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Dialogical decision making

Updated: Sep 29, 2023

"I call it knowledge of the third kind. It is not theoretical knowledge, for it is knowledge that is only present to us in our everyday social practices; but it is not simply knowledge of a skill or craft either (a “knowing-how”), for it is a joint kind of knowledge, knowledge-held-in-common with others." (John Shotter)

For the past 15 years I have lived mostly in suburban areas inhabited, besides humans, by pigeons. Although living together with these birds is not always without complications, I quite enjoy watching them.

Photo by Zac Ong on Unsplash

I especially like when a large flock of birds soars above the rooftops and then changes direction many times without any visible leadership. Their movement patterns seem perfectly synchronized, moving almost as one organism, but there is clearly no "alpha pingeon" showing the others where to go.

But how do they decide whether to fly right or left, down or up, or where to land? I've never analyzed it in any depth, but I like to think of it as an example of joint action or "knowledge of the third kind," as John Shotter put it. And just recently I started playing with it as a nice metaphor for the decision-making process in non-hierarchical organizations.

The Network for Dialogic Practice is not a formal organization, we are not registered anywhere and there is no registration process for members. It has no clear structure, we have no management, no staff, no budget. We are a bit like this flock of birds.

But we have a "board"! It is an international group of six friends and colleagues who, without any financial claims, have committed to take care of the network's activities. One thing we have committed to doing is to ensure that every conference on dialogical practices is followed by another, at least once every two years.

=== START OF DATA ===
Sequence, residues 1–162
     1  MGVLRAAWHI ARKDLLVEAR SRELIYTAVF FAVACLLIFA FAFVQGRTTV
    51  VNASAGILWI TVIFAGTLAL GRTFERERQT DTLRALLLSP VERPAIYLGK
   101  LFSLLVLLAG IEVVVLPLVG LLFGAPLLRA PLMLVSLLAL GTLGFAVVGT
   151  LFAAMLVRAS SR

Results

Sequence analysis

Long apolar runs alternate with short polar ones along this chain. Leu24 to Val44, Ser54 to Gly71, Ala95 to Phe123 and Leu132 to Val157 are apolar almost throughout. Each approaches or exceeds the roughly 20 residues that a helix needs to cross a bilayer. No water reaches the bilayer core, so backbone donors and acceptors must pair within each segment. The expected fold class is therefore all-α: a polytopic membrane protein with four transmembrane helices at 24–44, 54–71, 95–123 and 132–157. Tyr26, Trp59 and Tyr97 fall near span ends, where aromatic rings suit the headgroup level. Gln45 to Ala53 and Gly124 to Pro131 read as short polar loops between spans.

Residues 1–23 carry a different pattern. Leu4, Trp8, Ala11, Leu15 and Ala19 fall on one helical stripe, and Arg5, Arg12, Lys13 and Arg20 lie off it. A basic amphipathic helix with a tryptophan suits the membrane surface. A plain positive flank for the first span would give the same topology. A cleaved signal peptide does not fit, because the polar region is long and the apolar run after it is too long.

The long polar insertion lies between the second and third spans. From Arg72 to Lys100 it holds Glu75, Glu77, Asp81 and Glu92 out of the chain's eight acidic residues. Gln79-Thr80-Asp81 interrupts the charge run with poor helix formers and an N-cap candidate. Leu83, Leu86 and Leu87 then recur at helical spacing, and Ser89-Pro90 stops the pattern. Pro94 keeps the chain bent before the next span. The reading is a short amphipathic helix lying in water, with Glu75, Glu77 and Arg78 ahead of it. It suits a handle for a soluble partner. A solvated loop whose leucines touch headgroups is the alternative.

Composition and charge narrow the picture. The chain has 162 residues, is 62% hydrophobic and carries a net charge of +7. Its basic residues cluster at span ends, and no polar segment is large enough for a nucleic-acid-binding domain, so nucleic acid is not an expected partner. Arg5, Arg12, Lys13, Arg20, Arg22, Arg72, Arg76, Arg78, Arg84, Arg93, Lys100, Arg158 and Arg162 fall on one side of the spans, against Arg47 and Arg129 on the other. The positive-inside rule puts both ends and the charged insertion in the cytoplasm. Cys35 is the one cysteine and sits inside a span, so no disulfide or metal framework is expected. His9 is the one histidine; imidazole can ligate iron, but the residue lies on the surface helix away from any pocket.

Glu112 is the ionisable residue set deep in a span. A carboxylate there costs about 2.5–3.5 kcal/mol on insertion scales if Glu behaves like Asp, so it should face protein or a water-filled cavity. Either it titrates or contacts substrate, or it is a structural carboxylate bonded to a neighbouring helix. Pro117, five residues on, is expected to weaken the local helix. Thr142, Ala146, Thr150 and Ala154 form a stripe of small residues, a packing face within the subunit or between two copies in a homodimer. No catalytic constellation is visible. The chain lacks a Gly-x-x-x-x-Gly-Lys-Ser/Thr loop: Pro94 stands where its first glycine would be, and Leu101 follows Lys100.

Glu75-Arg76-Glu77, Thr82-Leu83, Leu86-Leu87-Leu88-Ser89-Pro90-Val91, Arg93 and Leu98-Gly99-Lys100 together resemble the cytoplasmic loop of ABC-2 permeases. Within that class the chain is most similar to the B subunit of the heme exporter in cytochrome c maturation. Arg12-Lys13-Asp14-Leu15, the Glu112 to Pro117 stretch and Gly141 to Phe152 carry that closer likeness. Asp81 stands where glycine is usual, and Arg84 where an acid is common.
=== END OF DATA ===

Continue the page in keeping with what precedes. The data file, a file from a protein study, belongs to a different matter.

In the past, the biggest challenge was finding and even persuading someone to organize the conference. After the last conference in Olomouc, however, we face a new challenge. We were approached by 4 (!) groups from different countries interested in organizing the next congress. And suddenly we have to deal with questions like: Who should decide where the next conference will be? And how should it be decided?

We have already had two meetings on this topic, and we also organized one large open meeting, where we invited all interested parties and especially those who expressed an interest in holding a conference. All the meetings were nice and fruitful. But still no decision was taken.

The morning after the last meeting, I was sitting on the balcony and a flock of pigeons came off the roof again. I tried to follow them in more detail. I didn't recognize any clear moment when the whole flock "decides" to change direction, but I noticed something else. From time to time, an individual bird would fly away from the entire flock and nobody would join.

I began to realize that for the whole flock to change its direction, it does not depend so much on the moves of individual pigeons, but if they are followed by others or not. In other words, only when a bird joins another bird in a new direction, and then others join in, does the entire flock begin to change direction.

So I started playing with the idea that the act of joining might be at least as important as the act of initiating. Of course, it is very important that someone comes up with ideas and suggestions, but if no one joins them, it doesn´t make any change. And if everybody would only come up with ideas, we can get stuck and get nowhere.

Importantly, this act of joining is not blind following in the sense of “wherever you go, I go with you.” Joining in this sense does not make one a follower for life. And, similarly, the other will not become a leader or a boss for a lifetime. A "dialogic joining," if you will, is an active process that does not necessarily mean that the person who came up with the idea will continue coming up with other ideas. Others will join, but in the next step they may be the ones who offer a new direction and are followed by the first leaders.

At the end of our last meeting, Alita said, “I don't care where the next conference is, I just don't want to stop seeing you guys!” We laughed, but actually, yes, this is pretty essential. We, as a board, are not a comittee that takes decisions. I imagine us a bit like a group of pigeons in the middle of a flock flying really close to each other. If this group of pigeons moves together, it is an invitation for the others to join them.

Yes, we need to be close and we need to enjoy flying together. Which is not an easy task, especially when we do not live like pigeons in one suburb, but are scattered over three continents. Zoom is our air and words are our movements. I hope to be able to announce the location of the next conference soon. Stay close 😉.

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